Okay, well, let me go back a little bit. It’s almost a comparison between the school system and our new life after the school system.
While in the system, you have schedules, and you’re getting up in the morning and rushing them out, and doing all of that, and it just tears the family apart in the morning. Everybody’s upset, and rushing around, it’s crazy. The kids are supposed to do these reading assignments and homework, and it’s just crazy. Then you come out of that, and now you’re an Unschooling and a Worldschooling family.
For us, it’s brought us so much closer; we are such a close family. We’ve lived in these small little apartments in Brooklyn, and we’ve lived in an RV two different summers, for months at a time, and we have really great conversations, and we’re just respectful of each other. We have a lot of mutual respect for each other, and we can talk about almost anything, and I mean anything. Crazy stuff that some parents will think, no, you’re supposed to talk about that with your kids! I’m glad, though, I feel like I don’t need to worry that they will do anything behind our backs. They can come to us with anything, and they trust that they can. It’s funny because my husband and I just made a trip to Mexico alone. The kids were here; they are 16 and 18. I can’t tell you how many people said, aren’t you afraid they will have a house party? Or Oh my god, are you kidding me? You’re leaving teenagers at home alone! They just think they’re like normal mainstream teenagers, and they’re just not. When I hear people talk about teenagers, and I don’t have that experience. I don’t know what they’re talking about.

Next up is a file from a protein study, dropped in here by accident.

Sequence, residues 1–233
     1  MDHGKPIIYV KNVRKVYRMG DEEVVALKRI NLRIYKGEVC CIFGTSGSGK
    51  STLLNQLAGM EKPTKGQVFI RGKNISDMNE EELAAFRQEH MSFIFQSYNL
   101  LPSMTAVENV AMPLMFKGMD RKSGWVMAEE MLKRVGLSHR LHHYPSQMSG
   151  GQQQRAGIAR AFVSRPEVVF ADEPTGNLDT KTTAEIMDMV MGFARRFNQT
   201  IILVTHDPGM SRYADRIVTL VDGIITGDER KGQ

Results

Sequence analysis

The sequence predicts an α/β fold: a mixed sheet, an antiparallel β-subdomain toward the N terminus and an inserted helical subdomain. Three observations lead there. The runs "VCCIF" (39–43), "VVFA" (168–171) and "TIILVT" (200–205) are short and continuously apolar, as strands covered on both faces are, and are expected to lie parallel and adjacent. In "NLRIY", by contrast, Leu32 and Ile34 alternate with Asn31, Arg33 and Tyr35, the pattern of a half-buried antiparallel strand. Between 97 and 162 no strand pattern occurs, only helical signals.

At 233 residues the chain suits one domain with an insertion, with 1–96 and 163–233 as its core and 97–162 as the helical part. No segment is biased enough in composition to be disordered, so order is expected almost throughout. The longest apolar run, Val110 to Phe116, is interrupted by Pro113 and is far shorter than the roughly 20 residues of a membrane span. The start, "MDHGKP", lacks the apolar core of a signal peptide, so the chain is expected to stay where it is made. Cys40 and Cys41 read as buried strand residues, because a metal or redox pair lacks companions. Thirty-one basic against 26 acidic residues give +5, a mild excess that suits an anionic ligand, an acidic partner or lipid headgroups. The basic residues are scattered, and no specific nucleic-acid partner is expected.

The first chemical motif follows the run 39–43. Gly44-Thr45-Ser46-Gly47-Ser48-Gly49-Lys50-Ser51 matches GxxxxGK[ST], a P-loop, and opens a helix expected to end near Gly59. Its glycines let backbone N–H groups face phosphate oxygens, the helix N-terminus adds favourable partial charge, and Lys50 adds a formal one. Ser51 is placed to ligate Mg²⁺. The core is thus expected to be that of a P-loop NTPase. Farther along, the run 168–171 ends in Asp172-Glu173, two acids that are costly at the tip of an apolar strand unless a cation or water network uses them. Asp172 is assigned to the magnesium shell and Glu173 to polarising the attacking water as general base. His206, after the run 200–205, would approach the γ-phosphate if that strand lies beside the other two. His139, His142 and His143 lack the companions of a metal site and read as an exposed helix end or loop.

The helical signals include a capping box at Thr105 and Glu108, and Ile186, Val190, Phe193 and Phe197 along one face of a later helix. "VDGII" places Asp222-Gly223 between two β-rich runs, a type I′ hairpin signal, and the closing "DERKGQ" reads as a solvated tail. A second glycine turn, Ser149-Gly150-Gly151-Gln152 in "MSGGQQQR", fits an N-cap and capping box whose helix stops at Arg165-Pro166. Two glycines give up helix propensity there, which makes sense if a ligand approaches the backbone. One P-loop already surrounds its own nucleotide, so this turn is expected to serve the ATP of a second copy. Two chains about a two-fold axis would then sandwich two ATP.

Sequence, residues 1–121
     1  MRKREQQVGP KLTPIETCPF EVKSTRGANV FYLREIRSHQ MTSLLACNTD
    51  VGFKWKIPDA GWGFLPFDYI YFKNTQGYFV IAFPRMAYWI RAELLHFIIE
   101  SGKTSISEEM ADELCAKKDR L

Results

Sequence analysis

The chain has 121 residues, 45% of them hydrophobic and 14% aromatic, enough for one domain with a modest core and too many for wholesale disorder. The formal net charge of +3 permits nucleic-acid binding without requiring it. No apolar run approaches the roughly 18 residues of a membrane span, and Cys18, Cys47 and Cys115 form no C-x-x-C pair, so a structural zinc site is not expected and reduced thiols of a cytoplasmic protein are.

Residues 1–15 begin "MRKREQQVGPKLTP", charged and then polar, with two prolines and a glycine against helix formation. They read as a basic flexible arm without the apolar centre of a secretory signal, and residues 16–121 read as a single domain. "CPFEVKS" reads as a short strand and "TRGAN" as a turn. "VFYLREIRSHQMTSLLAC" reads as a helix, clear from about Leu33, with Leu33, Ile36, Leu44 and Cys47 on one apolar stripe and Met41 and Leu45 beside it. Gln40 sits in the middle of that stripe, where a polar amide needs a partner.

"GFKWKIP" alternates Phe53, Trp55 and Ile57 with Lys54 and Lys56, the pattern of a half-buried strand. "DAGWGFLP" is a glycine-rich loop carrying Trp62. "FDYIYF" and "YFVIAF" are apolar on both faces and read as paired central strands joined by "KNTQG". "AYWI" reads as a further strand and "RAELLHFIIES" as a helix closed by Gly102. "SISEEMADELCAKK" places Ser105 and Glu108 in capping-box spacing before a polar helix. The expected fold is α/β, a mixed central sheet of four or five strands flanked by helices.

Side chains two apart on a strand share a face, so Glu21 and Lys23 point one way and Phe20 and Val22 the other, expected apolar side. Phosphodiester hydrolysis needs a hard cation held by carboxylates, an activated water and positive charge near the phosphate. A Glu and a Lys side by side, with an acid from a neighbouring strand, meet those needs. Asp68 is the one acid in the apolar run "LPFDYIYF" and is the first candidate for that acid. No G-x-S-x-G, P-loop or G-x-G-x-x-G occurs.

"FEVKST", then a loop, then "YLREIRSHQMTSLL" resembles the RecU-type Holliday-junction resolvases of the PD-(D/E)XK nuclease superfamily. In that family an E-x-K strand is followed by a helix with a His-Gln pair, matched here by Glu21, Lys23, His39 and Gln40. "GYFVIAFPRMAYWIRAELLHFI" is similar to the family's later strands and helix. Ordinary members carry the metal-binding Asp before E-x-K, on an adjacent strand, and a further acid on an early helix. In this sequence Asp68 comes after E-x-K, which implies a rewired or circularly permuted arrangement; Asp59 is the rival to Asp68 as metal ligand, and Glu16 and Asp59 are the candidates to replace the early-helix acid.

The Unschooling, the Worldschooling experiences, have just brought our family very close together, and I wouldn’t trade anything we’ve done for anything else.